Stam: “The law did not change the policy on discrimination an appreciable extent between two weeks ago and today. What they’re really complaining about is that we have not become like the 17 other states that have put in special rights for them. … We’re trying to protect the reasonable expectations of privacy of 99.9% of our citizens, who think when they’re going into a restroom or a changing room or a locker room, that they will be private.”
Cox: “This law affects us because it puts us in danger, and it’s open discrimination. It’s no different than the Jim Crow laws that we had here in the South. There are many Americans who are alive today and were alive with some of those laws before we passed the Civil Rights bill. This law is literally the same thing. And if we didn’t find that acceptable, this is not acceptable. It doesn’t matter who it’s towards. Discrimination is not acceptable.”
Because Candis Cox cannot legally use the ladies room owing to the fact that she’s a biological man, North Carolina is a Jim Crow state? The hysteria is jaw-dropping. But it works.
Here’s a piece from the Charlotte Observer explaining what the new North Carolina law does. It overturns local ordinances allowing transgenders access to the toilet of their choice. It does not grant LGBTs protection against being fired for being LGBT, but they never had that in NC, nor do they have it under federal law (is the United States an apartheid nation? A Jim Crow nation?).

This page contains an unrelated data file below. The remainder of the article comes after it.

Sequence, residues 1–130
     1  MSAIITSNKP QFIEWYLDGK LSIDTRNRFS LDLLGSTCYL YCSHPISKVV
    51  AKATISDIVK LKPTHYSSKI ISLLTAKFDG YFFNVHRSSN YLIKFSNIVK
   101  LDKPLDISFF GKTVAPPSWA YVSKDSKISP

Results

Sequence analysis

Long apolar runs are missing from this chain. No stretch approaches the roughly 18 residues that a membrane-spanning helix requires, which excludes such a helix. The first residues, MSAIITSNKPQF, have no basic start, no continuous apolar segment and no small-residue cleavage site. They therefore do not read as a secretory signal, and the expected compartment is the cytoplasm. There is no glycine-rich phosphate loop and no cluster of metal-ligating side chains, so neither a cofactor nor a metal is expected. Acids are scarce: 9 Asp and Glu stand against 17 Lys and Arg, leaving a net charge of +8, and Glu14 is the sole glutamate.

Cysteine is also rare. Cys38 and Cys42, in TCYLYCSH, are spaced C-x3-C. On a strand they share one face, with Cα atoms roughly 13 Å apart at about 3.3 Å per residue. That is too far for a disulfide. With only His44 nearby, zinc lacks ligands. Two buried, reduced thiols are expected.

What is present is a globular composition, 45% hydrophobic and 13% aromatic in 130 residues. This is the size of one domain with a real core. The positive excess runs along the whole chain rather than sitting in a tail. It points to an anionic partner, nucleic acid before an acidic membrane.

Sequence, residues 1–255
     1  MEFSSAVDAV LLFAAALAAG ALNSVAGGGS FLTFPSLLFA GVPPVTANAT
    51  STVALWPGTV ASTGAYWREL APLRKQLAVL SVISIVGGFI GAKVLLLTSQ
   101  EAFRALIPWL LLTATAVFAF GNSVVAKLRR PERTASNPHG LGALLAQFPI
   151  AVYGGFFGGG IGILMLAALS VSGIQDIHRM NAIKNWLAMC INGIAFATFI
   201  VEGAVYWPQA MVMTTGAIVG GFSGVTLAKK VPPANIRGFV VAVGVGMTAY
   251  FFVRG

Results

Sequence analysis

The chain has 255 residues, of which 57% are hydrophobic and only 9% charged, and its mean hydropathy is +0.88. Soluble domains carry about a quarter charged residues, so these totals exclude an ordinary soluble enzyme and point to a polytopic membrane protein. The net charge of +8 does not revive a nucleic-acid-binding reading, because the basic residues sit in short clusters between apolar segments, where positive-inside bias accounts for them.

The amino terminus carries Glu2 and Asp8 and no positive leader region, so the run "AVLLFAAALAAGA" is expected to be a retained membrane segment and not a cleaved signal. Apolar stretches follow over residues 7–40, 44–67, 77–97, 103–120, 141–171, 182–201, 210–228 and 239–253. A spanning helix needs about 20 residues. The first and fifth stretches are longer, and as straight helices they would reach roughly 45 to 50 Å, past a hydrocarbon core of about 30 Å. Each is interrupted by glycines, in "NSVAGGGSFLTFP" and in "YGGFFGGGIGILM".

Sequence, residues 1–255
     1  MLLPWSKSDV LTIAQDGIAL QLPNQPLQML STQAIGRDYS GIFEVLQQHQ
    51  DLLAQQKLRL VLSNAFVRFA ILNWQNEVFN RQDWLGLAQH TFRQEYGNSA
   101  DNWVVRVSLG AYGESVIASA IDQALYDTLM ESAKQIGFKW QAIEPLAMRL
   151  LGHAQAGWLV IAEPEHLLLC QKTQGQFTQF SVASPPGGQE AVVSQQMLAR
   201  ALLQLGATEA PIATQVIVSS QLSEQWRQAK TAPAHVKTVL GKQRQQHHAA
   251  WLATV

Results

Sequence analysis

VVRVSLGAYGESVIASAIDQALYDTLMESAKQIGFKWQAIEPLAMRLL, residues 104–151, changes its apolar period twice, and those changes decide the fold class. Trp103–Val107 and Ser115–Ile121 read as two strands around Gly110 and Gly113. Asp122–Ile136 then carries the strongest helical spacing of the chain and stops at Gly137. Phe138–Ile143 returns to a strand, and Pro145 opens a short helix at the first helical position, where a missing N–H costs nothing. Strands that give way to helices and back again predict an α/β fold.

Can’t you see this kind of thing coalescing into a national movement of activists, sympathetic politicians, and corporations, to bully any state that passes any RFRA, no matter how mild, into backing down? This movement is premised on the idea that orthodox Christianity is so evil that a state that makes a law showing any respect whatsoever for one of its now-controversial teachings must be treated like a pariah, and made to suffer culturally and economically. I told you they would do this kind of thing. It’s the Law of Merited Impossibility: It’s not going to happen, and when it does, you bigots are going to deserve it.
It’s not going to stop here. These bullies know their power, and they aren’t going to tolerate any deviation. Once they get all the religious liberty laws overturned, they’re going to turn on religious schools and other institutions that don’t line up with LGBT orthodoxy. You are a fool if you think it will not.
The other day I wrote to “Prof. Kingsfield,” a professor at an elite law school who is deeply closeted as a Christian, to ask him what he thought about lawyer Andrew Beckwith’s e-mail concerning how law schools and the legal profession are mainstreaming the overturning of all sexual norms.  He replied:
The writer’s take is spot-on. The assaults on anti-polygamy laws are already underway, and adult incest is not too far behind. Not sure about bestiality or pedophilia.